Though, if you were actually being honest, I can see why you’d want more money put into CAM studies (even if they are a total waste of money) because you’d get a personal benefit out of it. Or don’t you actually work in the field of Cognitive Science? Is this where some of your bitterness towards science comes from?

    Do you really think just being able to write code makes you 1337? Before you claimed that having studied computer scientist made you a scientist – now you’ve adjusted your claim since that’s just so silly apparently.

  51. pec says:

    I have no reason to care what you think Fifi.

  52. David Gorski says:

    I think some areas of CAM are promising and, because of my knowledge of alternative science, I strongly suspect that some of them are scientifically plausible.

    There is no such thing as “alternative” science. There is just science.

  53. Fifi says:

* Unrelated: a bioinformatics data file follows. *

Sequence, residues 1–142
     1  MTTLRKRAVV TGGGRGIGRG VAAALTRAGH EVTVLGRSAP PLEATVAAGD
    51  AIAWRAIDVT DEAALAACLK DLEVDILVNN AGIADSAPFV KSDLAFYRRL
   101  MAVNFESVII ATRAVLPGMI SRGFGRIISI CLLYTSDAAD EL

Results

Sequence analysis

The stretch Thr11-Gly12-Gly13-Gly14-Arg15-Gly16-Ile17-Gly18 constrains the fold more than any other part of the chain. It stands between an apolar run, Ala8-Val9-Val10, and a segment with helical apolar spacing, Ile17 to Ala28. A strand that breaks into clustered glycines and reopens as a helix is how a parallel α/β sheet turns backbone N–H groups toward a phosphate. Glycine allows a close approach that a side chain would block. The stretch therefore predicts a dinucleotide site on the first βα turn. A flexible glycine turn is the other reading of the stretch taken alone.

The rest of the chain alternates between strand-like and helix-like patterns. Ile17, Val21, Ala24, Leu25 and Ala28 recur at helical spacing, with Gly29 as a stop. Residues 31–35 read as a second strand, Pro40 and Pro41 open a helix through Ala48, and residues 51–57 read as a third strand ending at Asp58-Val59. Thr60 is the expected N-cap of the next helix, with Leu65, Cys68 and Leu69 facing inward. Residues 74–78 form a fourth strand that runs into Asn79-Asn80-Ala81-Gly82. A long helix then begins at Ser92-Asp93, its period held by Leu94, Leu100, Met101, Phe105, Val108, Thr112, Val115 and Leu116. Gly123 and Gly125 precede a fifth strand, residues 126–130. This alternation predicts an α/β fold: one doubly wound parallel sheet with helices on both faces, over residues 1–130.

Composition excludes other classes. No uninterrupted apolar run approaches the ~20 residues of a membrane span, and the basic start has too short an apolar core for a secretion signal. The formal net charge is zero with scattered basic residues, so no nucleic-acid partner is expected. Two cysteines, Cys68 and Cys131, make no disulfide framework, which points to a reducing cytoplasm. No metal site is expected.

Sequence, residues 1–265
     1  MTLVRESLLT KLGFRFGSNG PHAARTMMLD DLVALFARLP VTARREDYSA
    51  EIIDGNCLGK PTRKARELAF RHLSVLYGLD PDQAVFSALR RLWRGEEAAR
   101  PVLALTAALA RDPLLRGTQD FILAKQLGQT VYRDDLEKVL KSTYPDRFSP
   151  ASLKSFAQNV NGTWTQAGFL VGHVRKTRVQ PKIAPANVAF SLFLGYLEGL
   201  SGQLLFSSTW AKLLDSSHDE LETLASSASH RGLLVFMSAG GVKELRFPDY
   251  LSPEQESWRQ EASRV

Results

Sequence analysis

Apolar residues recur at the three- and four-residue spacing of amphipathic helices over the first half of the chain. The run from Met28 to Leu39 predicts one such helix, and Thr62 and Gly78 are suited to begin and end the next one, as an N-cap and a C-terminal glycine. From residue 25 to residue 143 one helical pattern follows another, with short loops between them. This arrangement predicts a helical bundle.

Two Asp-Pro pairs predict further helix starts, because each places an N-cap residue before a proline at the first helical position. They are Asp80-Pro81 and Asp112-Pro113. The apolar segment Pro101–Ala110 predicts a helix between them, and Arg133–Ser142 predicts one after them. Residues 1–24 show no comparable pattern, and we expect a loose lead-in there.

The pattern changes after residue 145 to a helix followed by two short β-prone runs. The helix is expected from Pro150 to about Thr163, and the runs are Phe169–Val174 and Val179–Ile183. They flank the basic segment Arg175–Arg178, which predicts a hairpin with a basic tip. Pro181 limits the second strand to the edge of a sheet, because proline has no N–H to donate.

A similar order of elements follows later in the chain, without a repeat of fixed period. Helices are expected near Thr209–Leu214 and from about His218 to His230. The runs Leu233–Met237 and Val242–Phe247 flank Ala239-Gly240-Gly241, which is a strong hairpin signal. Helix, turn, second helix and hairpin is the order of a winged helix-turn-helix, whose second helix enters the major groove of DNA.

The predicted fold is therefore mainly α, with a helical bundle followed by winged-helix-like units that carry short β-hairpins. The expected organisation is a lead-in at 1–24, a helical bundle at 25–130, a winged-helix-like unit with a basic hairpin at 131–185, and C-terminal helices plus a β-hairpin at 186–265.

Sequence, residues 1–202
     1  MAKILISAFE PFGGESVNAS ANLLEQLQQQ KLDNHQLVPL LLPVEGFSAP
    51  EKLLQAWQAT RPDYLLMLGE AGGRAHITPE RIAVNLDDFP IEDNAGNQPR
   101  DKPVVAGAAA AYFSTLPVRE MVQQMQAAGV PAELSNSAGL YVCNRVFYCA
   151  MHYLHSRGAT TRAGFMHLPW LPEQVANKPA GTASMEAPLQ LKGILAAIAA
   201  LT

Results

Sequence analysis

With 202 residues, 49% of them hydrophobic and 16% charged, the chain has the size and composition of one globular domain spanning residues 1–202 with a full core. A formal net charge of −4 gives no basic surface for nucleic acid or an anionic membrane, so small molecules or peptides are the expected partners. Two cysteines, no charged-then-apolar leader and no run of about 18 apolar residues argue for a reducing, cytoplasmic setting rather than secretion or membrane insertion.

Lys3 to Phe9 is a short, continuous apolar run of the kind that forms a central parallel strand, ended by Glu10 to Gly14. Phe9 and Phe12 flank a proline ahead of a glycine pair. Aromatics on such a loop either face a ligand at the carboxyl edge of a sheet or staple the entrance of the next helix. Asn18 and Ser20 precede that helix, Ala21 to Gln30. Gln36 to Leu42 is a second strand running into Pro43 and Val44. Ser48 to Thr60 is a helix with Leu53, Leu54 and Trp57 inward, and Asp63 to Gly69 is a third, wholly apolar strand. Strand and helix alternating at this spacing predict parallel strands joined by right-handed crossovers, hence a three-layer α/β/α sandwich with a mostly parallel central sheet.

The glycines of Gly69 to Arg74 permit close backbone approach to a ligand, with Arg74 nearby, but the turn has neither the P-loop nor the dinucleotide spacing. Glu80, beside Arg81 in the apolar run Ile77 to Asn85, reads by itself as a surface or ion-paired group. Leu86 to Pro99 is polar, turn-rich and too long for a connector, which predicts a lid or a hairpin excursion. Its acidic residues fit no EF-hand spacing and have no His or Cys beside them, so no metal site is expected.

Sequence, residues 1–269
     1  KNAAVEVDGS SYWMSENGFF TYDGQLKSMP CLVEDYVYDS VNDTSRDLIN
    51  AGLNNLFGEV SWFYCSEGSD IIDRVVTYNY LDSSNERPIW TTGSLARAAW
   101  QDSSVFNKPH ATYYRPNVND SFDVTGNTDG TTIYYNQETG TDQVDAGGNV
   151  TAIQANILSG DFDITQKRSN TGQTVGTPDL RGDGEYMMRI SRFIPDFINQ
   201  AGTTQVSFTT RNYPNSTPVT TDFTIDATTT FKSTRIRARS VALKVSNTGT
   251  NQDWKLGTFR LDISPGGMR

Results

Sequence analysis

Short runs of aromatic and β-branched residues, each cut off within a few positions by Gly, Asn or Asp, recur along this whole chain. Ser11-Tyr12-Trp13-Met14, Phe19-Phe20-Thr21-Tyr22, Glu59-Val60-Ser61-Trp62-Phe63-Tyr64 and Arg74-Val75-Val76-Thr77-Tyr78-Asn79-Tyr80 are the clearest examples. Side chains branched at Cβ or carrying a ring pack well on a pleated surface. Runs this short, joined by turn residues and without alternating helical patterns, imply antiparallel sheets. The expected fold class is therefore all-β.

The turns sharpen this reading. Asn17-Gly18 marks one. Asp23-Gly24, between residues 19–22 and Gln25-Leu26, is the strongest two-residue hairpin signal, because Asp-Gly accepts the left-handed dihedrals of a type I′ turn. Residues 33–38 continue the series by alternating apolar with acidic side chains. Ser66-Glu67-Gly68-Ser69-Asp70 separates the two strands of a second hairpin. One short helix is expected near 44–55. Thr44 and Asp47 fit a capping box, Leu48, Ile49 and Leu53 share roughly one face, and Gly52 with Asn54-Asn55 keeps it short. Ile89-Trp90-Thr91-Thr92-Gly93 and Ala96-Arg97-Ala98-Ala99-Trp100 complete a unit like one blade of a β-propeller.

pec, I didn’t ask if you cared what I think *lol* I’m merely asking you to back up some of your wild claims that, so far, the evidence tends to belie (of note, of course, being your belief in subluxations based upon your subjective experience and your whole “subjective experience is proof of objective reality” stance….EXTREMELY odd for someone who claims to be a PhD in Cog Sci and to be a scientist). You still haven’t been open about whether you consider yourself to be psychic or not…do you?

    Or did you study some form of “alternative” cognitive science a la Scientology or some other religion that is anti-science and anti-reality based thinking?

  54. weing says:

    If a pharmaceutical company tried a drug, like prozac, instead of reiki, on those rats. Using the exact same study design and number of subjects. Would you accept the results that prozac was effective recommend it for use? Why or why not?

  55. Michelle B says:

    Fifi, PEC is not anti-science, she is pro-alternative science!

    Borrowing from ole Gertie: Science is Science is Science.

  56. David Gorski says:

    Fifi, PEC is not anti-science, she is pro-alternative science!

    You mean like when antivaccinationists say they are “not anti-vaccine, but pro-safe vaccine”? :-)

  57. pec says:

    “There is no such thing as “alternative” science. There is just science.”